leakage to present a safety issue.


SUMMARY OF THE INVENTION


Precision dispense pumps of this invention are specifically engineered to ensure the precise delivery of fluid on either a noncontiguous or continuous basis.  Precision dispense pumps of this invention generally comprise a housing that has an
internal chamber disposed therein that extends from a housing first end to a housing second end.  A pressurizing assembly is axially movably disposed within the chamber comprising.  The pressurizing assembly comprises a cylindrical pressurizing member
having a head that is positioned adjacent the housing first end.


Extending from the head, the pressuring member includes a thin-walled skirt that extending circumferentially around and that defines an edge of the head.  The skirt is sized having an axial length to provide a degree of pressurizing assembly
axial movement within the pump.  A flange is positioned circumferentially around a peripheral edge of the skirt.  In a preferred embodiment, the pressurizing member is of a one-piece construction, and includes a backside surface having a opening disposed
partially therein for accommodating placement of a shaft therein.


The pressurizing assembly includes a support that is coupled to the pressurizing member backside surface.  The support has a cylindrical outside surface that is sized to accept placement of the skirt thereon when the skirt is rolled or translated
between a supportive chamber surface and the support during axial movement of the pressurizing assembly.  A shaft projects through an opening in the support and into the pressurizing member opening.  The shaft is used to cause axial movement of
pressurizing assembly and is coupled thereto.


A fluid transport body is attached to the housing at the housing first end.  The fluid transport body includes a fluid chamber that is positioned adjacent the pressurizing member head and that includes a fluid inlet port and a fluid outlet port. 
The pressurizing member is fixedly attached to the housing by the placement of the flange between opposed surfaces of the housing and body.


The pump includes an actuator housing that is attached to the housing second end.  An actuator is disposed within the housing assembly for moving the shaft to cause axial movement of the pressurizing assembly within the housing chamber.  The pump
can include means connected to the housing for maintaining a desired positive pressure differential within the pump between the fluid chamber and housing chamber.  Such means is desired for the purpose of providing a desired pressure force on the skirt
to bias it into contact against the supportive surfaces of the housing chamber or support during pressurizing assembly axial movement.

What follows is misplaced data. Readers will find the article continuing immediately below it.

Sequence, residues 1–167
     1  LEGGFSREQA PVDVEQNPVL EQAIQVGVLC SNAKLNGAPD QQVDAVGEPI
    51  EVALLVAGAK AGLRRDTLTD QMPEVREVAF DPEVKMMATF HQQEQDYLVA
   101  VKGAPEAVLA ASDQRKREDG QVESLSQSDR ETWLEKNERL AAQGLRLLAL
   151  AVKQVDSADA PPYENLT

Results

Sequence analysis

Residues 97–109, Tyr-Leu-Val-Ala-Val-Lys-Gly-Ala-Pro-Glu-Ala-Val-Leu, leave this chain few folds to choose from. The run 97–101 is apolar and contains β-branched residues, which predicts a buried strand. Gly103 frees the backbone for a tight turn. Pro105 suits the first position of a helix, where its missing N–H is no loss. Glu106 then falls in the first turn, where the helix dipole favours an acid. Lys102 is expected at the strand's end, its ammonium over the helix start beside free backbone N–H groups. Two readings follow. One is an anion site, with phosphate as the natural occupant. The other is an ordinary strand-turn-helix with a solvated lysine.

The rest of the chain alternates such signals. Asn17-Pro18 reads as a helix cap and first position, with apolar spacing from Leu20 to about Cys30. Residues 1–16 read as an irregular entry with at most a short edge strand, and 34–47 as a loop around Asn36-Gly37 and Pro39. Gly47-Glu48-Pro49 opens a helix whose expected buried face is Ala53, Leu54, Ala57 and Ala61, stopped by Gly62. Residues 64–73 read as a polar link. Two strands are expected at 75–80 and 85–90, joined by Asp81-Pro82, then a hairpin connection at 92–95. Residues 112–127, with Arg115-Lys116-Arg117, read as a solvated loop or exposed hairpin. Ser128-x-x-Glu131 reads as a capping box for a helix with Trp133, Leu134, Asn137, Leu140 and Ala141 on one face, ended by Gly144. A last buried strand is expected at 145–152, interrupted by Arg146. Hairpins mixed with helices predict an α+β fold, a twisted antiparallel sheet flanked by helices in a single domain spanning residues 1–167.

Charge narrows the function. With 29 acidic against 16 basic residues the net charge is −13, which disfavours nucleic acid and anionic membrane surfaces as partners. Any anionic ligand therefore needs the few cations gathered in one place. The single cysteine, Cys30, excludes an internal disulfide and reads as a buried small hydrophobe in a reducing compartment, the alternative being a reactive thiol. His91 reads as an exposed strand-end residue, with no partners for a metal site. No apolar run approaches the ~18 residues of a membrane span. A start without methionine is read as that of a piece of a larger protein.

The pump further includes check valve means that are in fluid flow communication with the fluid inlet and fluid outlet ports.  The check valve means are provided for the purpose of ensuring checked one-way passage of fluid into and out of the
fluid chamber during respective intake and output strokes of the pressurizing assembly.


Precision dispense valves constructed in this manner are capable of consistently dispensing extremely accurate quantities of fluids, such as those used in the semiconductor manufacturing industry, on a noncontiguous or continuous basis.  Pumps of
this invention provide for the accurate dispensement of fluid in a manner that maintains the high-purity nature of the fluid being dispensed, without introducing contaminate material therein. 

DESCRIPTION OF THE DRAWINGS


These and other features and advantages of the present invention will become appreciated as the same becomes better understood with reference to the specification, claims and drawings wherein:


FIG. 1 is a cross-sectional side view of a first embodiment precision dispense pump constructed according to principles of this invention having dual pump assemblies;


FIG. 2 is a cross-sectional view of the first embodiment precision dispense pump taken along section 2-2 in FIG. 1;


FIG. 3 is an enlarged cross-sectional view of detail 3 in FIG. 3 of the first embodiment precision dispense pump;


FIG. 4 is a side view of a second embodiment precision dispense pump of this invention having a single pump assembly;


FIG. 5 is a top view of the second embodiment precision dispense pump of FIG. 4;


FIG. 6 is an end view of the second embodiment precision dispense pump of FIG. 4;


FIG. 7 is a top view of a third embodiment precision dispense pump of this invention having dual dispensing members;


FIG. 8 is a cross-sectional side view of the third embodiment precision dispense pump taken along section 8-8 of FIG. 7;


FIG. 9 is a cross-sectional view of the third embodiment precision dispense pump taken along section 9-9 of FIG. 7; and


FIG. 10 is an enlarged cross-sectional view of detail a poppet valve of FIG. 9.


DETAILED DESCRIPTION OF THE INVENTION


This invention relates to pumps useful for transferring process fluids, and more specifically, to pumps useful for the consistent precision dispensement of high purity process fluids such as those used in the semiconductor manufacturing industry. Pumps of this invention make use of a rolling diaphragm cylindrical pressurizing member that provides a linear fluid output to stroke movement, thereby ensuring a predictable, tightly controlled fluid output that is highly accurate.  The pump includes